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Posted: March 22, 2009 12:01 a.m.

Watered down

Drip irrigation, soaking hoses now allowed, other restrictions still in place

Pete Mortimer/USDA/

Soil cut away to expose a drip irrigation line in a tomato field.

Newton County residents can now water their plants with two high-efficient watering devices, but the county will soon decide whether to ask the state to allow residents to wash their cars and water their lawns.

As of March 3, Georgia residents in counties under Level IV drought restrictions, which includes Newton County, are now allowed to use drip irrigation systems and soaker hoses to water their shrubs, trees, and flowerbeds for up to one hour, three days a week. Grass and turf are not allowed to be watered with these devices.

Carol Couch, director for the Georgia Environmental Protection Division, ordered the relaxed restrictions and said drip irrigation systems and soaker hoses were "high-efficiency outdoor watering devices and have proven to be effective tools in conserving water, particularly during drought."

The Web site conservewatergeorgia.net describes drip irrigation as a "highly efficient irrigation system that slowly waters the soil directly around the base of individual plants through small flexible pipes and emitters." The Web site said soaker hoses are less expensive and more easily accessible than drip irrigation systems and "deliver water slowly and directly to the soil around the base of individual plants."

Like the previous outdoor watering restrictions, these devices can only be used for three days a week between the hours of midnight and 10 a.m. Odd numbered addresses may water Tuesdays, Thursdays and Sundays and even numbered and unnumbered addresses may water Mondays, Wednesdays and Saturdays.

However, these devices can be used for an hour, as opposed to the 25 minute limit on hand watering. Hand watering is defined by the state as "one person with one garden hose with a spray nozzle that shuts off when it is released."

Previous restrictions remain unchanged. For a list of the updated restrictions and more information visit the Georgia Environmental Protection Division’s Web site at gaepd.org

 

More than just plants?

With Lake Varner back up to its full level of 701.4 feet, county officials may also petition the state to lessen the outdoor water use restrictions even further, said Mike Hopkins, Executive Director of the Newton County Water and Sewerage Authority.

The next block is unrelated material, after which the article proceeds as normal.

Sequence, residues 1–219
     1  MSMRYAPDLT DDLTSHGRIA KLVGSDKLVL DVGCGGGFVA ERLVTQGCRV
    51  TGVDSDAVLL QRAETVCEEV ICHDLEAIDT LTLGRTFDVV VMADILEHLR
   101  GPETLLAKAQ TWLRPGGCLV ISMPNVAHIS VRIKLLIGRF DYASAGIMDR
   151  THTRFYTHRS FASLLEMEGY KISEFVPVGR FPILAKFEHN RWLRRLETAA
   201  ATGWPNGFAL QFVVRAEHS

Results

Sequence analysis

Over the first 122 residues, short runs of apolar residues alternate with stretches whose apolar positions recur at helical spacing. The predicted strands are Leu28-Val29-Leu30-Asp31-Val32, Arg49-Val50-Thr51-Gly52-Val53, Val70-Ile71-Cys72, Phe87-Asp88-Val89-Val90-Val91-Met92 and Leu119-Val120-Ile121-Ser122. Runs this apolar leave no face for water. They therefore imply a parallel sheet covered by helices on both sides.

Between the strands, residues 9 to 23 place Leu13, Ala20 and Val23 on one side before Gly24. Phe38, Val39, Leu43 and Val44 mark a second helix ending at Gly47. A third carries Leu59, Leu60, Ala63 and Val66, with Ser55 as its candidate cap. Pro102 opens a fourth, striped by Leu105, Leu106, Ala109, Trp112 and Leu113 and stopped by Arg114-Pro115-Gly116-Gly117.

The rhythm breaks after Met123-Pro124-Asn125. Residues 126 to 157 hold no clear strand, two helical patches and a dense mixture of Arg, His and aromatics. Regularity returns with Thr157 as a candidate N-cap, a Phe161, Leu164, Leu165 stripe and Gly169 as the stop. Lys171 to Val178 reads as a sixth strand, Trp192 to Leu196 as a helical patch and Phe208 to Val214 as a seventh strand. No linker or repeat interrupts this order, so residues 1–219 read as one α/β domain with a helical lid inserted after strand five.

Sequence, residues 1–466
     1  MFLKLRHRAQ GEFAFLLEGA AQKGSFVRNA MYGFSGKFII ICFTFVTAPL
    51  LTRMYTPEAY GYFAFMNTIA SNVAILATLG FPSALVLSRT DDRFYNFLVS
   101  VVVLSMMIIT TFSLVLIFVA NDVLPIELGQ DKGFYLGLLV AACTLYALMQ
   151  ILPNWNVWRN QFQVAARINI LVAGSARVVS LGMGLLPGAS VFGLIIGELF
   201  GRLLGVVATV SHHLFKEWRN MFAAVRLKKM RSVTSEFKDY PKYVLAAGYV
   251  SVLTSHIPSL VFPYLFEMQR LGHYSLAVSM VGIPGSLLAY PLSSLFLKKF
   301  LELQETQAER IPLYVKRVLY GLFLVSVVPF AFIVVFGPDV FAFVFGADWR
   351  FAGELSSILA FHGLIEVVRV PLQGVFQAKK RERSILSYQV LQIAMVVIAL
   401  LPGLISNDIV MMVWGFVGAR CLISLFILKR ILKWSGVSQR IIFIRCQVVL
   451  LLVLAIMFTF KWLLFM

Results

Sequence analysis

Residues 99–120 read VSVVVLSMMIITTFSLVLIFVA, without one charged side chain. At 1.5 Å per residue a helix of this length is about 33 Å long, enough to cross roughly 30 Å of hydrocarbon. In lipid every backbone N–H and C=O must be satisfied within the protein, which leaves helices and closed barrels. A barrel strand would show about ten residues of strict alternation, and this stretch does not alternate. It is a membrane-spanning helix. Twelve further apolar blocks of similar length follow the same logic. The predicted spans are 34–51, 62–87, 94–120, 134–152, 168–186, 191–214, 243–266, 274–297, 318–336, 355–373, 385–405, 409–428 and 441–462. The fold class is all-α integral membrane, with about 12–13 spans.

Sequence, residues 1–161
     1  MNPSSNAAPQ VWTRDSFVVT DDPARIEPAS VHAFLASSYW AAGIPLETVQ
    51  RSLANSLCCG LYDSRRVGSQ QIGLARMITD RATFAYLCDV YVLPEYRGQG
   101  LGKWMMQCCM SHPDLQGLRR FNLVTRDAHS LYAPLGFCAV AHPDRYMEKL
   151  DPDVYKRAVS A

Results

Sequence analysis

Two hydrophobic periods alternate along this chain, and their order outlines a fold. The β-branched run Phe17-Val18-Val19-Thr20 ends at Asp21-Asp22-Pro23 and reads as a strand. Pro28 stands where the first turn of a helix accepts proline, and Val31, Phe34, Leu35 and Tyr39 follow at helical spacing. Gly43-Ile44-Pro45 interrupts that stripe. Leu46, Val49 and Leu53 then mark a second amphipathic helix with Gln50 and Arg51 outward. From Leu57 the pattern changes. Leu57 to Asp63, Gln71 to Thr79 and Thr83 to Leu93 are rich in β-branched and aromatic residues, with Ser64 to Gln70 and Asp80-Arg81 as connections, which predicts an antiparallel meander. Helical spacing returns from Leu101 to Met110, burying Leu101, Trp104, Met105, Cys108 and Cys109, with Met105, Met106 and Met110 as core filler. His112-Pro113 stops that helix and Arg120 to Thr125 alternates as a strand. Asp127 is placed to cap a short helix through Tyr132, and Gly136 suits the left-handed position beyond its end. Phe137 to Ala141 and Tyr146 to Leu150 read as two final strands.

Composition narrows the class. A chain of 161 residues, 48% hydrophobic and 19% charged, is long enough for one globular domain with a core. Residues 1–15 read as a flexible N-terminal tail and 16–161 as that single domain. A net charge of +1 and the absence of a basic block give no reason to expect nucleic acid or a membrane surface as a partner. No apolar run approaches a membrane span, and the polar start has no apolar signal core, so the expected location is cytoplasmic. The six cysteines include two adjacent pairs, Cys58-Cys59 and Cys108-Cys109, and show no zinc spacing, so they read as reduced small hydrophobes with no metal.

Even though the county’s reservoirs are at full levels, the Atlanta region continues to receive below normal amounts of rainfall. According to Assistant State Climatologist Pam Knox, Atlanta received 3.7 inches of rainfall in February, almost an inch below normal levels.

Karl Kelly said that Lake Varner always fills up at this time of the year, unless the county is in a severe drought. So the full levels may not mean Newton County is in the clear, he said. Morgan said the county does not want to get into a situation where they receive relaxed restrictions, only to see Lake Varner’s levels drop again drop to dangerous levels.

Hopkins said he hopes the county applies for the relaxed level, but he said it would be up to residents to continue to use the necessary water conservation practices.

"My expectation is that these conservation practices would stick," Hopkins said. "That way the governor doesn’t have to step in. That’s the wrong way to go. The community needs to take (water conservation) seriously."

According to the state, 52 local governments and other entities have been granted relaxed outdoor water use restrictions. These relaxed restrictions allow water to be used for irrigating landscapes and washing vehicles, hard surfaces or buildings, among other uses. There are three different types of relaxed restrictions, Level IV a, b and c, which allow these expanded uses for one, two or three days a week on the same odd-even address schedule currently used. Surrounding Rockdale and Henry counties are at Level IV c restrictions.

Newton County has not requested a more lenient outdoor water use schedule and Chairman Kathy Morgan is not sure if they will now. The Newton County Drought Response Team is planning its first meeting in about 4 months and will decide at that time whether to apply for relaxed restrictions.

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